Its open-endedness makes Tumblr one of the more challenging social media platforms to master. Best just to dive in and start playing around. To get started, set up your custom domain so it mirrors your business name. Next step is to customize your blog with a theme, color palette, font, photo, and “about” description. Tumblr offers a decent selection of pre-built themes for businesses so you can always pick one of those.

The rest is entirely up to you. Because Tumblr is so flexible, you can post pretty much any content you want to your business's blog. Post text about an upcoming event or sales promotion. Add photos of a new product or customer installation. Dole out inspiring or funny quotes. Link to a interesting article or insightful report. Post a chat with a customer heaping praise upon you. Share a gif that made you smile. Add audio files of music you listen to while working. Upload video of the grand opening party at your new location. Have fun with it.

Tumblr does have a few handy tools that make blogging a bit easier, including a mobile app. If you’re on Instagram, you can also use the photo-sharing app to have your beautifully edited images automatically sent to Tumblr. Your Tumblr dashboard will give you views of all the content you’ve added, as well as who liked or reblogged which content and who’s following you. Much like other social media platforms, once you start following other bloggers on Tumblr, chances are they’ll follow you back.

For some ideas on what you can do with Tumblr, check out Well Made Studio Blog, Design Cloud, design:related gallery, and Inspire Me Now.

LinkedIn: Facebook's Conservative Cousin

LinkedIn has a rap for being solely a networking and headhunting/jobseeking platform. That could be because it’s the most popular social network among professionals, with an estimated 380 million members. Of the LinkedIn users who participated in the Pew survey, 50 percent have a college degree and 45 percent earn over $75,000 a year. Men slightly edge out women on LinkedIn, and the majority of users are between the ages of 18 and 49, although there is a significant presence of members over the age of 50. So, in general, the audience tends to skew a bit older.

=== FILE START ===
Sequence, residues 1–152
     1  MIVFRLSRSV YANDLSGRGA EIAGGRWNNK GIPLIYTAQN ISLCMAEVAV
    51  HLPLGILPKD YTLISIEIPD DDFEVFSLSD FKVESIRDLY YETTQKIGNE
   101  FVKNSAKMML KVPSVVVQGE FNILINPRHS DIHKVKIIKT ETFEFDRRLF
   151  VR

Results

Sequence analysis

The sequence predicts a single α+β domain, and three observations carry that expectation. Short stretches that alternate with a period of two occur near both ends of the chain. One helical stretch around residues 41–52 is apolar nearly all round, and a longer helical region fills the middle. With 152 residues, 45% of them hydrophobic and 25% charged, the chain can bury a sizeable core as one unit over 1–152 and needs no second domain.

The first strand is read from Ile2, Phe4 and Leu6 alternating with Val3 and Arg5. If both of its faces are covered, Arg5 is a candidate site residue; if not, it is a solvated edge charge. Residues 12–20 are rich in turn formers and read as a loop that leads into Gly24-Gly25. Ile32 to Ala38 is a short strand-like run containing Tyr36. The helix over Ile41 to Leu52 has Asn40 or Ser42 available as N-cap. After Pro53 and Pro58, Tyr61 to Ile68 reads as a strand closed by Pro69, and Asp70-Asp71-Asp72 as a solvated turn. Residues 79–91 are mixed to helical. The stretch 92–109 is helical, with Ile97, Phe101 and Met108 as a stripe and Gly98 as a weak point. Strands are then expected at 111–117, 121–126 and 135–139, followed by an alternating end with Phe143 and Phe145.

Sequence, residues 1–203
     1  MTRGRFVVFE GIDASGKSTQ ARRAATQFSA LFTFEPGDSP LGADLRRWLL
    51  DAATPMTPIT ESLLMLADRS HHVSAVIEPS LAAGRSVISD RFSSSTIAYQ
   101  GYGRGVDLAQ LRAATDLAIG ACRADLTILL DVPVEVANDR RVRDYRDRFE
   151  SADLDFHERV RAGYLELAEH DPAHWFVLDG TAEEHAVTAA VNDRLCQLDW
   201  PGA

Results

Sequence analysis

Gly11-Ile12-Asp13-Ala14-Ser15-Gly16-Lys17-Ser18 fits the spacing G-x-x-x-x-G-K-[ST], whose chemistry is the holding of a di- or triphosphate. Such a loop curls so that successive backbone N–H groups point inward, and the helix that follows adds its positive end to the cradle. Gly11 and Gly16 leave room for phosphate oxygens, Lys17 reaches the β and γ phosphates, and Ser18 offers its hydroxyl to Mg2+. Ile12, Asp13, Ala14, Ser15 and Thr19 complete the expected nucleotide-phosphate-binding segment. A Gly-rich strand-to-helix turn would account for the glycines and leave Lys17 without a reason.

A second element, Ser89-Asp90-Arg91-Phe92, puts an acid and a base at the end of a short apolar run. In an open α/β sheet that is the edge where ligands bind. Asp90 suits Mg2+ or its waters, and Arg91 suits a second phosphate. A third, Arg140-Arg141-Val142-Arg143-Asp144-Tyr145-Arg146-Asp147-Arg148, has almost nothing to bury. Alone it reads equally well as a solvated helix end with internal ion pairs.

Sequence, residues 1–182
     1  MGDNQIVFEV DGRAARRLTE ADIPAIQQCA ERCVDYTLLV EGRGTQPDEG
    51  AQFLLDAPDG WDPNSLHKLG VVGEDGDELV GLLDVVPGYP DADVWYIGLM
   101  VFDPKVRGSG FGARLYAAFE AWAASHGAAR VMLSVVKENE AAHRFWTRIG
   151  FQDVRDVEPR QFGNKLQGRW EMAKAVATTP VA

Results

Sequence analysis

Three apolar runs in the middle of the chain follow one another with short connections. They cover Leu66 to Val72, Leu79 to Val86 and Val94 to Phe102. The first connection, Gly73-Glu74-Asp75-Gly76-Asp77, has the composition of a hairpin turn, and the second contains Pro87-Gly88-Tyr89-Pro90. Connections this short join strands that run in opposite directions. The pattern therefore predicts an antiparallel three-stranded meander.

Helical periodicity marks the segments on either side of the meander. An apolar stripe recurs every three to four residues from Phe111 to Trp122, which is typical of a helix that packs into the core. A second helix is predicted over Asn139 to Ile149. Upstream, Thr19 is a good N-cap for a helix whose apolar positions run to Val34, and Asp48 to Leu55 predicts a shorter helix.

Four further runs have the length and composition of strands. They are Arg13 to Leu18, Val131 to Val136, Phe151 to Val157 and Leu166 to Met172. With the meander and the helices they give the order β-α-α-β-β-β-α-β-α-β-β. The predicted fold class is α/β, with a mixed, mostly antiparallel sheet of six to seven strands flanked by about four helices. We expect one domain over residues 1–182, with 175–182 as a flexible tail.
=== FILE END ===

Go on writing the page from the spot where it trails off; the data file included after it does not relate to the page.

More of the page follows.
Because it’s seen as a place for professionals to schmooze online, many small businesses overlook LinkedIn as a social media marketing channel. But consider this: LinkedIn is the third most popular social network, right behind Facebook and Twitter. What’s more, it offers more features small businesses can use to market themselves.

In addition to creating a LinkedIn profile for yourself as an individual professional, you can also create a Company Page for your business — complete with an eye-catching banner image that supports your brand. On your Company Page, you can link to not only your business website, but to work samples, projects, videos, images, word docs, presentations, and any other business-related content. You can also solicit endorsements and testimonials from clients and colleagues. And, of course, be sure to share your Company Page with your existing LinkedIn connections.